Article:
Short sellers and regular Canadian investors have very different views of Canadian financials. These disparate views are easier to understand when you take into account how both groups view the investing world. One group views the world through the lens of probabilities, the other looks at how things are actually performing.
Short sellers (I include myself in this group) are from the trading and hedge fund world. In this world, market prices change as probabilities change. An example would be corporate bond trading. If a hedge fund buys a corporate bond and the probability of default decreases, the bond will go up in price and the hedge fund makes money. If the probability of default increases, the bond price drops and the fund loses money. Betting on changing probabilities is largely how traders and hedge funds make their money.
The accounting for Canadian financials does not operate in the world of probabilities. Lenders only reflect losses when defaults occur. There is very little provision for losses due to changes in the probability of defaults. While this difference of worldview - probability versus actual default - seems small, it is actually a huge deal.
An investor that does not view investing through a probability lens looks at the reported earnings from Canadian lenders and thinks ‘what’s the big deal?’. Earnings are at record highs, return on equity is great, defaults are low, and there is low provisions for losses. Great report.
An investor trained to view the world through the lens of probabilities looks at the same report and thinks: ‘Houses are so expensive that future losses seem inevitable - why aren’t they reserving more now?’ or ‘There is so much personal debt that the probability and number of defaults is likely to rise, why isn’t that reflected?’ or ‘If we look through a cycle of defaults and normalize earnings for higher losses the income statement would be much lower and ROE’s much less; why isn’t this riskiness being demonstrated in the accounting?’
The same financial statements - very different perspectives. In fact, these views are so different that the two groups can hardly find common ground to discuss.
Should accounting be based on actual losses, or reflect a more probabilistic approach? While I think it should be probabilistic, both approaches have some merit. Companies need the ability to look through cycles and weather out periods where markets have wildly swung too far from reality. Conversely, using actual losses can allow lenders to under emphasize risk, access capital they shouldn’t, and expose investors to more risk than they were aware of. An example of such glaring distortion in Canada is alternative lenders that focus on riskier borrowers (HCG and EQB). These lenders have 70% less set aside for defaults than the bigger banks who service better borrowers. Does that make any sense? This can only occur when a probabilistic approach is totally ignored.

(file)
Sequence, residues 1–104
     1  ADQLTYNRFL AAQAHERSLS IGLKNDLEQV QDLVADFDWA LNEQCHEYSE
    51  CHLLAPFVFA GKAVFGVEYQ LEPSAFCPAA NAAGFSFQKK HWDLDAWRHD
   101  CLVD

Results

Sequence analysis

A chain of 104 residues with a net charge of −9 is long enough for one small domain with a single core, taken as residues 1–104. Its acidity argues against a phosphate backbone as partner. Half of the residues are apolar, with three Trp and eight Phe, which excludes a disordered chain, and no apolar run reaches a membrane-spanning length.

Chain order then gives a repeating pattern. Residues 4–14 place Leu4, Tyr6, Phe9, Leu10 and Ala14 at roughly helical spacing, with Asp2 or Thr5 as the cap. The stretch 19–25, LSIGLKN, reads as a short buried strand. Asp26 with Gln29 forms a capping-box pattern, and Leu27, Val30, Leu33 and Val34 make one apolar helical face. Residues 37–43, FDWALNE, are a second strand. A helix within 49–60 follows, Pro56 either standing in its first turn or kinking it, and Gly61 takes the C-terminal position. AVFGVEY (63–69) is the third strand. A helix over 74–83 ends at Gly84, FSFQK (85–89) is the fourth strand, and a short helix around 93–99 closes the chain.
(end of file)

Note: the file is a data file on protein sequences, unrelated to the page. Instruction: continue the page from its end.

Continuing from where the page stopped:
To give a specific example of how misleading and catastrophic actual loss accounting can be, let’s take a brief look at the Bank of Ireland. In March 2008, Bank of Ireland reported earnings that had provisions for loan losses of 0.44%. Ireland had similar accounting to Canada no provisions had to be set aside as long as the original loan was being paid. That meant that Irish lenders made no adjustments for the lending risk they were taking as their housing bubble was inflating. In the 5 years after this March 2008 report, the bank lost €9bil, or 1.4x of its 2008 shareholder equity of €6.5bil. Non-performing loans were 19% of Bank of Ireland’s total loans! The stock went down 99% and would have been 100% without the government bailing them out.
This is what can happen when there is a build-up in risk that is not reflected in any way in the accounting of a bank. Shareholders that aren’t from the world of probabilities get blindsided.
I’m writing this after reading Home Capital’s earnings report where, despite all that happened in the last quarter, they dropped provisions for loan losses from 0.16% to 0.07%! Home Capital weren’t alone in dropping provisions in the face of increased risk. Genworth MI Canada (MIC) recorded a loss ratio of just 3% last quarter (over the past 12 years the loss ratio has averaged 25.25%) and as a result posted decent results. This low level of provisions comes from two companies with virtually no reserves for an increase in mortgage defaults. Both companies only have their equity as a risk buffer. Since both companies are levered more than 10x, that isn’t much of a buffer.
Let’s look at recent news and how mortgage default probabilities might change as a result:
Indicators for a decreased probability of defaults:
- House prices are still up quite a lot over the past couple of years. Any defaults now will have low loan losses as a result
- Economy has been reasonably strong lately
Indicators for an increased probability of defaults:
- House prices are dropping quickly in GTA since April peak
- Evidence of terrible, horrible lending at HCG (is 7bps enough to cover this risk?!?!?!?)
- Bad lending may not be just a HCG issue
- Overall increase and level of Canadian indebtedness
- Helocs total 14% of GDP, US was 3% at peak
- Increasing focus on housing in GDP (ie. huge job losses when house bubble bursts)
- BOC raising rates
- B20 changes making it more difficult to get a mortgage, if they are enacted
Collectively, I think these indicators suggest the probability of losses in the lending and mortgage sector has increased dramatically.
This risk is not reflected in the accounting of Canadian financials. I urge investors who are taking these accounts at face value to view these issues probabilistically. I think you may find the results aren’t as good as they appear and things are going to get really ugly.
Disclosure: short HCG, EQB and MIC